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" How charming is divine Philosophy! Not harsh and crabbed, as dull fools suppose, But musical as is Apollo's lute, And a perpetual feast of nectar'd sweets, Where no crude surfeit reigns. "
Lives of the Most Eminent English Poets: With Critical Observations on Their ... - Page 162
by Samuel Johnson - 1854
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The Westminster Review, Volume 8

English literature - 1827
...study of Political Economy, important as we have shown it to be to the well-being of mankind, is " Not harsh and crabbed as dull fools suppose, But musical as is Apollo's lute." As an instance of the interest which may be communicated to topics of this kind, by a dexterous method...
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The Retrospective Review, Volume 1

Books - 1820
...infirmite's ne'cessaires et qu'ils n'ont pu s'empe'cher de contracter." " How charming is divine Philosophy ! Not harsh and crabbed, as dull fools suppose ; But musical as is Apollo's lute." That this author is a friend to the best interests of humanity, we have no hesitation in saying ; and...
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The Athenaeum, Volume 2

1828
...improving, if it be possible, the wonderful talent*. POPULAR SCIENCE. ' How charming is divine philosophy, Not harsh and crabbed as dull fools suppose, But musical as is Appollo's lute.' .Vi7/o/i'j Paradise Regained. I.— ANIMATED NATURE. 1. ANIMAL MECHANICS. Singular...
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Laconics: Or, The Best Words of the Best Authors

Laconics, John Timbs - Aphorisms and apothegms - 1829
...pleasures, idle dreams, and occasional amusements. — Steele. MLXXI. How charming is divine Philosophy! Not harsh and crabbed, as dull fools suppose, But musical as is Apollo's lute, And a perpetual feast of nectar'd sweets, Where no crude surfeit reigns. Milton. MLXXII. What can an...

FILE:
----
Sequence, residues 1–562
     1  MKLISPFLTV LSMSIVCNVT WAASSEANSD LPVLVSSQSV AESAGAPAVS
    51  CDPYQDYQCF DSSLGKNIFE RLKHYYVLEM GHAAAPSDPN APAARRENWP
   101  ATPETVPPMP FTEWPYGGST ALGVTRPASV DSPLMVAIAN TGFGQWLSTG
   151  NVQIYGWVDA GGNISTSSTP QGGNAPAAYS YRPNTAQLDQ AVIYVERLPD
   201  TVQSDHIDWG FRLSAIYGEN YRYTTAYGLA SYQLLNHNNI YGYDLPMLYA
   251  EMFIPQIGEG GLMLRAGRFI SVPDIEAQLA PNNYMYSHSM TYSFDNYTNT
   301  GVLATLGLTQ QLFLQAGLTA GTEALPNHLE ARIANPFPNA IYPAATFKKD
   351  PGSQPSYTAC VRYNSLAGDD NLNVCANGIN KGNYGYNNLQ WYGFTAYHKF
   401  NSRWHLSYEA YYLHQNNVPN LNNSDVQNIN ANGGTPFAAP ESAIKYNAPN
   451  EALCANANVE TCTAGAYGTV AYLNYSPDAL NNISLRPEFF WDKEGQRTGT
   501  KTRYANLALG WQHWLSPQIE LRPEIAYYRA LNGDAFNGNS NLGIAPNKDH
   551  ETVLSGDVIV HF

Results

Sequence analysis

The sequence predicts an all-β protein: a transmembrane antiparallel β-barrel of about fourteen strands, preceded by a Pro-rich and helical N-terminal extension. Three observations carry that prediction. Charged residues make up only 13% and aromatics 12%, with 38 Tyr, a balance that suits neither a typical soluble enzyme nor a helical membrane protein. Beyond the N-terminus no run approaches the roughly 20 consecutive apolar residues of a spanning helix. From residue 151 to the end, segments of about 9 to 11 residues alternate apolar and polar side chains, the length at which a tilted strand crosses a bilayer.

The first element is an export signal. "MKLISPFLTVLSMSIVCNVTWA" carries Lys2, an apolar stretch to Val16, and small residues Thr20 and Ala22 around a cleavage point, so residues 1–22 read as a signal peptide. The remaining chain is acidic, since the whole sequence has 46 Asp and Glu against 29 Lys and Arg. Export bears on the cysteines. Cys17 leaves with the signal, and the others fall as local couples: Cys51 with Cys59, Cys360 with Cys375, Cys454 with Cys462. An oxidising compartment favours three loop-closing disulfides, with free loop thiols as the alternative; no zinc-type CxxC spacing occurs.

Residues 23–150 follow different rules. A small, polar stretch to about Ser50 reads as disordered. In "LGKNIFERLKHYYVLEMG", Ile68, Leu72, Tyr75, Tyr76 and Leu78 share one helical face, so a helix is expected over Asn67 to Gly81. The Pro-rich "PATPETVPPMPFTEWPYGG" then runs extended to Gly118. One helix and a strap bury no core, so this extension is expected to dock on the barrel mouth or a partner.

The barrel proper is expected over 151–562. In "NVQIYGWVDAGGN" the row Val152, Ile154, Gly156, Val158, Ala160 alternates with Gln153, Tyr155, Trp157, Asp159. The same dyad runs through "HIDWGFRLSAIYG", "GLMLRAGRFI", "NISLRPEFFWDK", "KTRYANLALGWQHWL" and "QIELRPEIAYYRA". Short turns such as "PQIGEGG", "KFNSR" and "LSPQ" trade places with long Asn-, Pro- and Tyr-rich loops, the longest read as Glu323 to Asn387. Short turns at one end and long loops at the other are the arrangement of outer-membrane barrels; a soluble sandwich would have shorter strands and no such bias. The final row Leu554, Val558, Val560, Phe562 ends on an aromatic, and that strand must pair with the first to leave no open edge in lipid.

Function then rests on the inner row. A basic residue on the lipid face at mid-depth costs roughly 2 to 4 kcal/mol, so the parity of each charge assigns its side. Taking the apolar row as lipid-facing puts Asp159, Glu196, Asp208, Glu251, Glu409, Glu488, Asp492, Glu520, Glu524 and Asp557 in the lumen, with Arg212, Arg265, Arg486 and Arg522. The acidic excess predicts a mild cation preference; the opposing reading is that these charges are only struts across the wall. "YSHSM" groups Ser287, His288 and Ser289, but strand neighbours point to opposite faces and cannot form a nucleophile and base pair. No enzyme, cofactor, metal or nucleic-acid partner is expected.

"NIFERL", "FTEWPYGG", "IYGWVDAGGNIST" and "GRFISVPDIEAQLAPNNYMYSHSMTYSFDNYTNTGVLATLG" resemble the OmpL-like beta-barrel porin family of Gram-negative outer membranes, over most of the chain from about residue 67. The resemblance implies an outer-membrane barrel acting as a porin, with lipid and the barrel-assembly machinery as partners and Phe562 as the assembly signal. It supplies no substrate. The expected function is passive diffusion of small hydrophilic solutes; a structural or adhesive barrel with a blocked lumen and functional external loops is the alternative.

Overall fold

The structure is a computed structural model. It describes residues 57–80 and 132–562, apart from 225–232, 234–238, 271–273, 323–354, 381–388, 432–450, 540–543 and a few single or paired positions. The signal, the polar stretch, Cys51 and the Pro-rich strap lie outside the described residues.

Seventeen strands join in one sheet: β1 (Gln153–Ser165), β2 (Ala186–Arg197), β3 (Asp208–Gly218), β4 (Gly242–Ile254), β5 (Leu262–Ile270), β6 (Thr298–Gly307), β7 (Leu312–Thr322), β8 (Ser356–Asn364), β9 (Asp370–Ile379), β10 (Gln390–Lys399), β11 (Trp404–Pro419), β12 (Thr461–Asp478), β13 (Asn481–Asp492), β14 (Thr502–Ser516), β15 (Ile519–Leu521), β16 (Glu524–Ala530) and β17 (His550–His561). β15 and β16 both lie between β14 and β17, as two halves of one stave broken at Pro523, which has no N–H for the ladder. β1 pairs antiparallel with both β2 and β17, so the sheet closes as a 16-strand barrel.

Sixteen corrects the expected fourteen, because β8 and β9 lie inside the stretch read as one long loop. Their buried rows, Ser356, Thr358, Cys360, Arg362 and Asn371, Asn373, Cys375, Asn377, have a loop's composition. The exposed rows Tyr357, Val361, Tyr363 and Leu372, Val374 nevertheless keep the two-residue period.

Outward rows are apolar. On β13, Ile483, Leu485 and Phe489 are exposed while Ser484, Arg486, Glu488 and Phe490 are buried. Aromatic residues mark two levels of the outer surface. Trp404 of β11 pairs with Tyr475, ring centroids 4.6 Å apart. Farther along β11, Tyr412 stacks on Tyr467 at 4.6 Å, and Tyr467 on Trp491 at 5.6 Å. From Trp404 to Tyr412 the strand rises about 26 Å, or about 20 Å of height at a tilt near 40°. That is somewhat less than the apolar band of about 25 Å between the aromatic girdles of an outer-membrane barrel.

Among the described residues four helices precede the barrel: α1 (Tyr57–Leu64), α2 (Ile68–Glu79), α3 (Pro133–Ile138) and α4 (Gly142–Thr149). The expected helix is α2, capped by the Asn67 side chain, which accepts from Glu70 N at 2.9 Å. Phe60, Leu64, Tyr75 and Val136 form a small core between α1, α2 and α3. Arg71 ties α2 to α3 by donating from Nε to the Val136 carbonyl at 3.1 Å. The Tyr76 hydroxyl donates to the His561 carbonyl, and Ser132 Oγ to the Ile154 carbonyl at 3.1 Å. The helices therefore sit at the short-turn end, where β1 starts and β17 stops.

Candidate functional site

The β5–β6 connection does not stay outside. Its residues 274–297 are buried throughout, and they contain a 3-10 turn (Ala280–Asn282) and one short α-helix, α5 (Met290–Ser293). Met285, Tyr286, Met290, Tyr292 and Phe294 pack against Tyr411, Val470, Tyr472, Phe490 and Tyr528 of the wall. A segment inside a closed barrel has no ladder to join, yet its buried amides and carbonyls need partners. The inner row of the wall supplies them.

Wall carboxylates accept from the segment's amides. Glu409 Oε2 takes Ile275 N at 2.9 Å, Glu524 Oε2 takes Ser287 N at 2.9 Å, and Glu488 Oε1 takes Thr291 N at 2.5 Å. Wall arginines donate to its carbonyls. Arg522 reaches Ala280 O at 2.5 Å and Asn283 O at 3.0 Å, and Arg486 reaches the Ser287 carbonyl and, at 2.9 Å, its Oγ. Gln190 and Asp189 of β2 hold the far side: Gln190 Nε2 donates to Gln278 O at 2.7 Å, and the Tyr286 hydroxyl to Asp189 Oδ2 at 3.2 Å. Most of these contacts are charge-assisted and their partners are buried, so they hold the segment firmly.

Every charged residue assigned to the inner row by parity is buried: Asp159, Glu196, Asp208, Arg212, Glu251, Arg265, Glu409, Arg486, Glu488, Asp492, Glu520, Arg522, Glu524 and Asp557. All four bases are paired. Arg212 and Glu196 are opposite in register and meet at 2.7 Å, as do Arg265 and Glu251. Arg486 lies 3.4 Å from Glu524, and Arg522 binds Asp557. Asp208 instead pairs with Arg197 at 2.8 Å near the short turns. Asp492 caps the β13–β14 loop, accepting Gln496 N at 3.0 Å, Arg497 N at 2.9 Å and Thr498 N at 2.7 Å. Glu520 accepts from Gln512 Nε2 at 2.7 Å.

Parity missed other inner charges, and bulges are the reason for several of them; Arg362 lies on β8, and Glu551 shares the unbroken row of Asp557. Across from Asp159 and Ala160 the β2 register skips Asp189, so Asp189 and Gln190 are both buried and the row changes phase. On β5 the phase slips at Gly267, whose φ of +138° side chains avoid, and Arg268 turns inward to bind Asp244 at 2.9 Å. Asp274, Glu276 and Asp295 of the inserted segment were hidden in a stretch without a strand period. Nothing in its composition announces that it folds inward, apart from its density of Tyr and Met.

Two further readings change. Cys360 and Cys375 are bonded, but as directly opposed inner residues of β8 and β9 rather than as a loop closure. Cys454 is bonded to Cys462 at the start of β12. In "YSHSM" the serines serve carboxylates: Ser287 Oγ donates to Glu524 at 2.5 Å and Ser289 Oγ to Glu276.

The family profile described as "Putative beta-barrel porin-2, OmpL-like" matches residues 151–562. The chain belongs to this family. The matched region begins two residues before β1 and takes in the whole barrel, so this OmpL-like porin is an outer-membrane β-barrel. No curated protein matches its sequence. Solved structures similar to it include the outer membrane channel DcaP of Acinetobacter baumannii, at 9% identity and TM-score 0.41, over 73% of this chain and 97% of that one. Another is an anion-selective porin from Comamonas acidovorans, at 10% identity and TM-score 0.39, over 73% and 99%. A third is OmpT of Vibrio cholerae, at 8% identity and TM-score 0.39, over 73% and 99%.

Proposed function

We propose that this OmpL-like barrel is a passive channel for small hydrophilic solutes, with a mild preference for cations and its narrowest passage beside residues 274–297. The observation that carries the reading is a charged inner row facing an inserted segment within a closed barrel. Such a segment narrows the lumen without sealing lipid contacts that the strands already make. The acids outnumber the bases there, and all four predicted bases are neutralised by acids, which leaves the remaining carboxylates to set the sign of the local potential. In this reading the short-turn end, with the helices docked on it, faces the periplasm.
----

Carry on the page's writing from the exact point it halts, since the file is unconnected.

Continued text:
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Laconics: Or, The Best Words of the Best Authors

Laconics, John Timbs - Aphorisms and apothegms - 1829
...pleasures, idle dreams, and occasional amusements.—Steele. MLXXI. How charming is divine Philosophy! Not harsh and crabbed, as dull fools suppose, But musical as is Apollo's lute, And a perpetual feast of nectar'd sweets, Where no crude surfeit reigns. Mitton. MLXXII. What can an...
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The London encyclopaedia, or, Universal dictionary of ..., Part 2, Volume 15

Thomas Curtis (of Grove house sch, Islington)
...with nectared ; and, as a substantive, a fruit of the plum kind. How charming is divine philosophy ! Not harsh and crabbed, as dull fools suppose, But musical as is Apollo's lute, And a perpetual feast of ncctartd sweets, Where no crude surfeit reigns. Hilton. To their supper-fruits...
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The baptist Magazine

1830
...and scarcely any thing else, and lives to adorn its doctrines. How charming is divine philosophy ! Not harsh and crabbed as dull fools suppose, But musical as is Apollo's lute, Perpetual feast of nectar'd sweets, Where no crude surfeit reign». " It is a faithful saying and worthy...
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On genius, in which it is attempted to be proved that there is no mental ...

William Grisenthwaite - Genius - 1830 - 86 pages
...Philosophy in general, as the Poet with perfect truth, exclaimed " How charming is divine philosophy ! Not harsh and crabbed, as dull fools suppose; But musical, as is Apollo's lute, And a perpetual feast of nectar'd sweets, Where no crude surfeit reigns." Having shown that the direct...
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The Christian observer [afterw.] The Christian observer and advocate

1830
...sacredness and sublimity of its character, we are ready to exclaim — " How charming is Divine philosophy ! Not harsh and crabbed, as dull fools suppose, But musical as is Apollo's lyre." But I observe, thirdly, as exhibiting the obligations of genius more generally considered, that...
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The Salisbury Guide: Comprising the History and Antiquities of Old Sarum ...

James Easton - 1830 - 94 pages
...the utility of the refined 'indies to which his life had been dedicated.. Philosophy is shown to be Not harsh and crabbed as dull fools suppose, But musical as is Appollo's lute, And a perpetual feast of nectar'd sweets, Where no rude surfeits reign. The last work...
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